So I’m back for Part 3 and this will be the last segment for the Console Wars 2013 series. If you’ve read this series up till now, thanks a lot for reading! Also let me know if you’d like to see more of these type of posts. So let’s wrap this up. I first want to cover the interviews Gamespot did with Jack Tretton (Sony) and Don Mattrick (Microsoft).
I’ll start with Mattrick’s interview because there’s one critical thing I wanted to cover and that’s the quote Mattrick made: “If you don’t have good internet we have another option for you and that is the 360”. Sigh… I really don’t wanna bash Microsoft since they’ve been taking a beating but damn it they’re feeding me so tough for them. Sure stick to you’re policies for always online but to say get a 360 if you have bad internet? That was a horrible thing to say and if Mattrick was told to say that, then it’s even worse. 360 is a cool console but everyone focusing on E3 wants to play next gen games! What I heard was “If you don’t like the console buy a PS4”.
Jack Tretton’s interview was interesting too. He did say that DRMs might be implemented from 3rd party publishers but that’s not Sony’s fault if that happens but I’m glad he addressed that when asked. But the most needed thing that happened was the mic drop and walk away. Just the genius marketing, research and presentations Sony did outdid Microsoft this year, the mic drop was well deserved.
So big news happened last week and I have to admit I saw this coming. On June 19th, Microsoft renounced it’s plan for it’s online DRM policies:
- No more always online requirement
- The console no longer has to check in every 24 hours
- All game discs will work on Xbox One as they do on the Xbox 360
- Authentication is no longer necessary
- An Internet connection is only required when initially setting up the console
- All downloaded games will function the same when online or offline
- No additional restrictions on trading games or loaning discs
- Region locks have been dropped
Let’s go over these real quick:
- The always online requirement was dumb in the first place. There are times when you’re internet can go down and there are places in the world that don’t have decent internet.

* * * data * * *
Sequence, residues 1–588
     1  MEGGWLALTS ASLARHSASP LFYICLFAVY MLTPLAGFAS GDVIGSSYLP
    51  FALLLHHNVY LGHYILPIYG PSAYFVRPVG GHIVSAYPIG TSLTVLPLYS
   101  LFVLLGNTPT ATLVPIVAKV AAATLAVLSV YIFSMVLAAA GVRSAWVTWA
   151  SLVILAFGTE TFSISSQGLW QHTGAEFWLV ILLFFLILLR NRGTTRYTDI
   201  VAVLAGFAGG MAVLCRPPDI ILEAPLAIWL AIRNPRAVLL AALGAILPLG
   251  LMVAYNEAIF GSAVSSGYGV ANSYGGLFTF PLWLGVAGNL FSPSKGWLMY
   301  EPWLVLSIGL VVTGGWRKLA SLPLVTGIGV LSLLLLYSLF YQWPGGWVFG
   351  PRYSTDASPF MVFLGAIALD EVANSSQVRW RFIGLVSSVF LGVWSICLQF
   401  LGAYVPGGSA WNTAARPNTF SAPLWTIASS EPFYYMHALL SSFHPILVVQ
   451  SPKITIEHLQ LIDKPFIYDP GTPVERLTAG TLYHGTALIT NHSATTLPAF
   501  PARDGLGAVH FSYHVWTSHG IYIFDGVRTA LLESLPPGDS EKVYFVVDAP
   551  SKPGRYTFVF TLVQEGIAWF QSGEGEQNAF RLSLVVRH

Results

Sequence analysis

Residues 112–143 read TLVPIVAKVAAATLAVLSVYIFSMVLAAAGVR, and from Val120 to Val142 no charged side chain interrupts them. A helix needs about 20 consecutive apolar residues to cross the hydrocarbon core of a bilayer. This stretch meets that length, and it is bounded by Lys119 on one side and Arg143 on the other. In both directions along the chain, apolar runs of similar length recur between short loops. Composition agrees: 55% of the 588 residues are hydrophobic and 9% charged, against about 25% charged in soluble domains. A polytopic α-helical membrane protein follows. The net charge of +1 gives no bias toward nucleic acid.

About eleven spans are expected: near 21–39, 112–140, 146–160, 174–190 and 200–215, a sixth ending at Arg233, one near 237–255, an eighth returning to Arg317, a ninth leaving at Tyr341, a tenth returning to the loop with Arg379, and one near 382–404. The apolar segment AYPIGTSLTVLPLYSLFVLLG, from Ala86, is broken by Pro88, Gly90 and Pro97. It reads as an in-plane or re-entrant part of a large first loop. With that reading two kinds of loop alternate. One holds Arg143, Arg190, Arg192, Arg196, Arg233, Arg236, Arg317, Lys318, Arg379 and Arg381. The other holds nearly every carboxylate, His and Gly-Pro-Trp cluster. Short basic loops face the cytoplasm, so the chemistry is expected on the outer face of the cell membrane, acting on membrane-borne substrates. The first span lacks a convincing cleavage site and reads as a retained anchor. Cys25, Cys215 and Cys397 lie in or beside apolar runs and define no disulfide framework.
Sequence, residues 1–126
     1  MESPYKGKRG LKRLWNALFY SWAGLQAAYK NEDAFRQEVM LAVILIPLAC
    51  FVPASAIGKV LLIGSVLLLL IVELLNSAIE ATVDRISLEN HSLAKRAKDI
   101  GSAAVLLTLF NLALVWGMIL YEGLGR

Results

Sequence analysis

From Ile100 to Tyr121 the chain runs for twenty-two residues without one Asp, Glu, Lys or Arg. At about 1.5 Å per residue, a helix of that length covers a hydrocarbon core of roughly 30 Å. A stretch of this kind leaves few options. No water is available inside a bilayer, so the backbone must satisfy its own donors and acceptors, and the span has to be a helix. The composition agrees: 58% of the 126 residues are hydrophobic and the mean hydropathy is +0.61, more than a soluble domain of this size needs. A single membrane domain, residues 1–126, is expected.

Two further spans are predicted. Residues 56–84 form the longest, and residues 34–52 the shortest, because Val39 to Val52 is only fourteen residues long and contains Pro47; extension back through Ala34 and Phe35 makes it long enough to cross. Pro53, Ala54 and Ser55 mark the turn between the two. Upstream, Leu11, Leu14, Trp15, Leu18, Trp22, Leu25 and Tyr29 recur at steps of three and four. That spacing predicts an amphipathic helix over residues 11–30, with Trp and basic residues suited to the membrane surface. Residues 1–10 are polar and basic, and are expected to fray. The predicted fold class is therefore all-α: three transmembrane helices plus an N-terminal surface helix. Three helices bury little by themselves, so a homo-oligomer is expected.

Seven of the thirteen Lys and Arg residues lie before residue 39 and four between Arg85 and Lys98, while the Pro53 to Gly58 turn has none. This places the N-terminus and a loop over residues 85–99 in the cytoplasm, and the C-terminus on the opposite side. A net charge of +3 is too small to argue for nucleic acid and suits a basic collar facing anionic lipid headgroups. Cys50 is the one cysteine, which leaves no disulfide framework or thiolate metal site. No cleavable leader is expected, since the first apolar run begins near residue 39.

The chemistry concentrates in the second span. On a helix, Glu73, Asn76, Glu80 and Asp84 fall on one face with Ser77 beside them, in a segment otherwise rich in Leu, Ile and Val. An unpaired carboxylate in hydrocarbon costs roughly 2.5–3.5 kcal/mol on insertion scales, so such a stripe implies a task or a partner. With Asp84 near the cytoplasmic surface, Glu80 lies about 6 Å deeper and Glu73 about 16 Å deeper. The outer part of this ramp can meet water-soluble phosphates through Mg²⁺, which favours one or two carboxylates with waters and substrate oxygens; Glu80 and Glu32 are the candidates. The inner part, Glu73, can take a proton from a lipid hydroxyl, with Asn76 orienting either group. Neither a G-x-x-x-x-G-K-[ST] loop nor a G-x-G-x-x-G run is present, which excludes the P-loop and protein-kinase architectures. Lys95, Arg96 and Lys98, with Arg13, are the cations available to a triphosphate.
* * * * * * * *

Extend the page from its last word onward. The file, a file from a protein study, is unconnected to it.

- 24 hour check was also dumb. A first time authentication, ok sure, debatable. But checking if I own a game I bought for a console every day?
- Games discs is kinda related to the previous points
- Authentication no longer necessary. If for a game, again debatable.
- Internet required for initial set up, makes sense
- Downloaded games should work the same online or offline
- The additional restrictions on trading or loaning discs is a hot topic. I think that I should be able to do whatever I want with a game I bought. But this is debatable since the issues of developers not getting the money they deserve.
- Region lock was due to the online authentication stuff most likely, with the authentication gone, they can do this now
So… we can all guess why this happened. With all the negative feedback the Xbox One was getting it needed some sort of edge otherwise they’d really have poor sales (I also think they saw they we’re having poor sales). With this change, I see Xbox One being more competitive with the PS4 (if you don’t mind the other issues like the Kinect “always on” and such). But sadly for Microsoft, the damage is already done. Thanks to Microsoft’s previous policies and smart marketing by Sony, the majority of gamers were convinced to get a PS4 or at least PS4 is the main choice for launching consoles. There are some people that are die hard Xbox fans and will get the Xbox One regardless. I even know a person who’s getting the Xbox One before the policies changed.
In the end, Sony had the best way to start the always online trend. A lot of the top console games at E3 are more online oriented games. This is the way to pave a new path for gaming. Ease gamers into it slowly and we’ll adapt to it. Gamers won’t adapt to it if a new idea and a bunch of restrictions are shoved into their faces, that looks to them like a cash grab and expect them to accept it.
I know Microsoft wanted the One to be the next Steam for consoles but they really approached it wrong. When Steam started out, there was no competition. Microsoft has Sony and arguably Nintendo. So Microsoft HAD to get it right from the start. Sadly they didn’t and they paid for it. Again I think that Xbox One will be fine due to the fan base and Microsoft might perform other improvements down the road.
And this concludes The Console Wars 2013 Series. Thanks for reading and be sure to tune in for more on my thoughts on big gaming news that drops in the future!